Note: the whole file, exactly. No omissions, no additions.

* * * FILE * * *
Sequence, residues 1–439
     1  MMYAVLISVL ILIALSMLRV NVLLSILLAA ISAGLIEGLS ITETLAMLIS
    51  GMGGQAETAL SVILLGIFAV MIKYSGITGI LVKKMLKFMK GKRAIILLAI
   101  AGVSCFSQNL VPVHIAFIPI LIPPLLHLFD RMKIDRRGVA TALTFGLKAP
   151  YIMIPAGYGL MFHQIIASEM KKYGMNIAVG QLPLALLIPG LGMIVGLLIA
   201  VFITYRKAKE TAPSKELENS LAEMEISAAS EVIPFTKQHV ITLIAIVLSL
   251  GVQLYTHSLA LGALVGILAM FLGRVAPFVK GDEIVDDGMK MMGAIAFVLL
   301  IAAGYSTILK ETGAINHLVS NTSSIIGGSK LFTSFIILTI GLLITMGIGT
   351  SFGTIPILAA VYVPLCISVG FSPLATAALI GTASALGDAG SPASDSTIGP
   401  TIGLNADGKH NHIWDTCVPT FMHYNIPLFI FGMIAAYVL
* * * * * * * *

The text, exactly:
Sequence, residues 1–439
     1  MMYAVLISVL ILIALSMLRV NVLLSILLAA ISAGLIEGLS ITETLAMLIS
    51  GMGGQAETAL SVILLGIFAV MIKYSGITGI LVKKMLKFMK GKRAIILLAI
   101  AGVSCFSQNL VPVHIAFIPI LIPPLLHLFD RMKIDRRGVA TALTFGLKAP
   151  YIMIPAGYGL MFHQIIASEM KKYGMNIAVG QLPLALLIPG LGMIVGLLIA
   201  VFITYRKAKE TAPSKELENS LAEMEISAAS EVIPFTKQHV ITLIAIVLSL
   251  GVQLYTHSLA LGALVGILAM FLGRVAPFVK GDEIVDDGMK MMGAIAFVLL
   301  IAAGYSTILK ETGAINHLVS NTSSIIGGSK LFTSFIILTI GLLITMGIGT
   351  SFGTIPILAA VYVPLCISVG FSPLATAALI GTASALGDAG SPASDSTIGP
   401  TIGLNADGKH NHIWDTCVPT FMHYNIPLFI FGMIAAYVL